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FMS Mutations in Myelodysplastic, Leukemic, and Normal Subjects

Authors:

Abstract

The FMS gene encodes the functional cell surface receptor for colony-stimulating factor 1, the macrophage- and monocyte-specific growth factor. Codons 969 and 301 have been identified as potentially involved in promoting the transforming activity of FMS. Mutations at codon 301 are believed to lead to neoplastic transformation by ligand independence and constitutive tyrosine kinase activity of the receptor. The tyrosine residue at codon 969 has been shown to be involved in a negative regulatory activity, which is disrupted by amino acid substitutions. This study reports on the frequency of point mutations at these codons, in vivo, in human myeloid malignancies and in normal subjects. We studied 110 patients [67 with myelodysplasia (MDS) and 48 with acute myeloblastic leukemia (AML)], 5 patients being studied at the MDS and the later AML stage of the disease. There was a total incidence of 12.7% (14/110) with mutations in codon 969 and 1.8% (2/110) with mutations in codon 301. Two patients had mutations in the AML stage of the disease but not in the preceding MDS and one had a mutation in the MDS stage but not upon transformation of AML. This is consistent with the somatic origin of these mutations. FMS mutations were most prevalent (20%) in chronic myelomonocytic leukemia and AML type M4 (23%), both of which are characterized by monocytic differentiation. One of 51 normal subjects had a constitutional codon 969 mutation, which may represent a marker for predisposition to myeloid malignancy.
Proc.
Natl.
Acad.
Sci.
USA
Vol.
87,
pp.
1377-1380,
February
1990
Medical
Sciences
FMS
mutations
in
myelodysplastic,
leukemic,
and
normal
subjects
(colony-stimulating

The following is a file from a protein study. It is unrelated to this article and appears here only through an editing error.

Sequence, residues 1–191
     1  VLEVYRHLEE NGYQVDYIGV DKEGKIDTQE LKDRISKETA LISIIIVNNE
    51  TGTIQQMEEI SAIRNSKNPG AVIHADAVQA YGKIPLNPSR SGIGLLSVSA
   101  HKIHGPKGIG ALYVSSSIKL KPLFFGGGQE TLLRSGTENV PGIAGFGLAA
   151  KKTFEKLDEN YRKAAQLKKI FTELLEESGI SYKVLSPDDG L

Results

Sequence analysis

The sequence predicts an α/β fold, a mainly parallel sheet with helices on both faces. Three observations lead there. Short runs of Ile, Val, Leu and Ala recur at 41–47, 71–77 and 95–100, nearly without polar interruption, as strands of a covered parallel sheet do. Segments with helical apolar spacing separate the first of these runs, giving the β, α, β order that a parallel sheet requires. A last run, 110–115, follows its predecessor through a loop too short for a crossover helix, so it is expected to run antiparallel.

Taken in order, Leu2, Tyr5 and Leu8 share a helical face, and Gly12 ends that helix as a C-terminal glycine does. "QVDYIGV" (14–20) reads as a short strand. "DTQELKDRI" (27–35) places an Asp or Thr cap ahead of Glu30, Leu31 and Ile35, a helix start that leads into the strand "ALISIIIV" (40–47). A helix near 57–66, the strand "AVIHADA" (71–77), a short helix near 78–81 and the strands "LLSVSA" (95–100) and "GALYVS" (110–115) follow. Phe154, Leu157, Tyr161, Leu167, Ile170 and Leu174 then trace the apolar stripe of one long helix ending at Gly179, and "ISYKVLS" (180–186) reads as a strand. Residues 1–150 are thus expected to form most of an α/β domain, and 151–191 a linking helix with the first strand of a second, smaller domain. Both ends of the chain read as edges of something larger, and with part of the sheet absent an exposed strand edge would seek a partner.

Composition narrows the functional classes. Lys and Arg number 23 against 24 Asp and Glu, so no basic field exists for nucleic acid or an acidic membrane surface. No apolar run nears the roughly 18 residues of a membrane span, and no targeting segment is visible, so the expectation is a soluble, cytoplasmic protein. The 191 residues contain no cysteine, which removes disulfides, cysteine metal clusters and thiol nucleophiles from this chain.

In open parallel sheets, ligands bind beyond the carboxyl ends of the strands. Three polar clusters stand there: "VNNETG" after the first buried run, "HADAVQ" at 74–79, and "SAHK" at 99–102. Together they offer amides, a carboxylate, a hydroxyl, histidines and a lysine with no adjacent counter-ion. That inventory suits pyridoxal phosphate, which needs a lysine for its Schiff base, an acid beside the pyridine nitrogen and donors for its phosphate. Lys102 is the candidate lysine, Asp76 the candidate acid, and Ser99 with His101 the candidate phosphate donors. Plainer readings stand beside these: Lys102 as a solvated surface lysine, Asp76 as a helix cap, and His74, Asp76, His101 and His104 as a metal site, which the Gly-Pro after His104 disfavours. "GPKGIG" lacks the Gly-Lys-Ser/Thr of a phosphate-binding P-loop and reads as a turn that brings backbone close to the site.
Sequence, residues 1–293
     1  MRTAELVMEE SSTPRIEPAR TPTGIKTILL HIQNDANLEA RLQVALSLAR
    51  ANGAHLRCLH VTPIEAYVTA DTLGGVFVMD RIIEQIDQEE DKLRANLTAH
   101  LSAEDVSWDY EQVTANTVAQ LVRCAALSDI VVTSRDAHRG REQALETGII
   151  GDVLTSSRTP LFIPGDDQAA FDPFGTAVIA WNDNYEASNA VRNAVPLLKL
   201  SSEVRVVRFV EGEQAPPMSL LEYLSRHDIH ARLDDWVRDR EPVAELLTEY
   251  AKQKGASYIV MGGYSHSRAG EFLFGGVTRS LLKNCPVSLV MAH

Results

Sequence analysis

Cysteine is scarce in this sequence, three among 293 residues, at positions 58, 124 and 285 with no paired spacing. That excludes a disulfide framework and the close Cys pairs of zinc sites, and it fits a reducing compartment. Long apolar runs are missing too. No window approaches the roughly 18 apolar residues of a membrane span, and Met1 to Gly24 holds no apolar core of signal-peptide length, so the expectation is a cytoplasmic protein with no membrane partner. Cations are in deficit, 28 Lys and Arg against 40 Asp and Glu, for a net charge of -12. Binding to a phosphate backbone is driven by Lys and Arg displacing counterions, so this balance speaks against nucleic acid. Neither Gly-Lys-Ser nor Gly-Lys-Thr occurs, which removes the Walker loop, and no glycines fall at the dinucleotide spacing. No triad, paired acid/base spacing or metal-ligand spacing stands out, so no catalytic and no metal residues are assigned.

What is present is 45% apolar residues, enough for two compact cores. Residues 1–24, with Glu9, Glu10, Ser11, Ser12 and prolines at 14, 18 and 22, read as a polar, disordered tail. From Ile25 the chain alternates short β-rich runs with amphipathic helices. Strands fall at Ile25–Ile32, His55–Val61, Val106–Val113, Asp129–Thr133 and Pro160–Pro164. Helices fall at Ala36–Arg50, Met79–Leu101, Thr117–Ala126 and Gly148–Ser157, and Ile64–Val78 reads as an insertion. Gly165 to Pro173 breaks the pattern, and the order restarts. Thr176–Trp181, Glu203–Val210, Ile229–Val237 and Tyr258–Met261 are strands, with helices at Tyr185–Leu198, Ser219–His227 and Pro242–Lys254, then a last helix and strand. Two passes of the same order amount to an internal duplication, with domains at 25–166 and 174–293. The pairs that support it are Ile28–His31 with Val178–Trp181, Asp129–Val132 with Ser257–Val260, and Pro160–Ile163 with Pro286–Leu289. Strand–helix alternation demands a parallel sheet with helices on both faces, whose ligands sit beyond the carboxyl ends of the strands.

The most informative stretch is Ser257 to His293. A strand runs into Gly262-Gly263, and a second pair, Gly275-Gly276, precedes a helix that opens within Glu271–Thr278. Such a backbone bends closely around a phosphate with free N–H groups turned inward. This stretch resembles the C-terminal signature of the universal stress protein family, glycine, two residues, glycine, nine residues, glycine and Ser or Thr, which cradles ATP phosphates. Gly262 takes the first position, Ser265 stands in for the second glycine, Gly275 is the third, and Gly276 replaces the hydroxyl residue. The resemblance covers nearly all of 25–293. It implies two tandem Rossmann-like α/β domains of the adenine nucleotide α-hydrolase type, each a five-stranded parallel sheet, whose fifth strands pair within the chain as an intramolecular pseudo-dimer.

factor
1
receptor/polymerase
chain
reaction/constitutional
and
somatic
mutation)
SUSAN
A.
RIDGE*,
MARK
WORWOOD*,
DAVID
OSCIERt,
ALLAN
JACOBS*,
AND
ROSE
ANN
PADUA*t
*Leukaemia
Research
Fund
Preleukaemia
Unit,
Department
of
Haematology,
University
of
Wales
College
of
Medicine,
Heath
Park,
Cardiff,
CF4
4XN,
Wales,
United
Kingdom;
and
tRoyal
Victoria
Hospital,
Bournemouth,
United
Kingdom
Communicated
by
Janet
D.
Rowley,
October
31,
1989
(received
for
review
July
26,
1989)
ABSTRACT
The
FMS
gene
encodes
the
functional
cell
sur-
face
receptor
for
colony-stimulating
factor
1,
the
macrophage-
and
monocyte-specific
growth
factor.
Codons
969
and
301
have
been
identified
as
potentially
involved
in
promoting
the
trans-
forming
activity
of
FMS.
Mutations
at
codon
301
are
believed
to
lead
to
neoplastic
transformation
by
ligand
independence
and
constitutive
tyrosine
kinase
activity
of
the
receptor.
The
tyrosine
residue
at
codon
969
has
been
shown
to
be
involved
in
a
negative
regulatory
activity,
which
is
disrupted
by
amino
acid
substitu-
tions.
This
study
reports
on
the
frequency
of
point
mutations
at
these
codons,
in
vivo,
in
human
myeloid
maligances
and
in
normal
subjects.
We
studied
110
patients
[67
with
myelodysplasia
(MDS)
and
48
with
acute
myeloblastic
leukemia
(AML)],
5
patients
being
studied
at
the
MDS
and
the
later
AML
stage
of
the
disease.
There
was
a
total
incidence
of
12.7%
(14/110)
with
mutations
in
codon
969
and
1.8%
(2/110)
with
mutations
in
codon
301.
Two
patients
had
mutations
in
the
AML
stage
of
the
disease
but
not
in
the
preceding
MDS
and
one
had
a
mutation
in
the
MDS
stage
but
not
upon
transformation
of
AML.
This
is
consistent
with
the
somatic
origin
of
these
mutations.
FMS
mutations
were
most
prevalent
(20%)
in
chronic
myelomonocytic
leukemia
and
AML
type
M4
(23%),
both
of
which
are
charac-
terized
by
monocytic
differentiation.
One
of
51
normal
subjects
had
a
constitutional
codon
969
mutation,
which
may
represent
a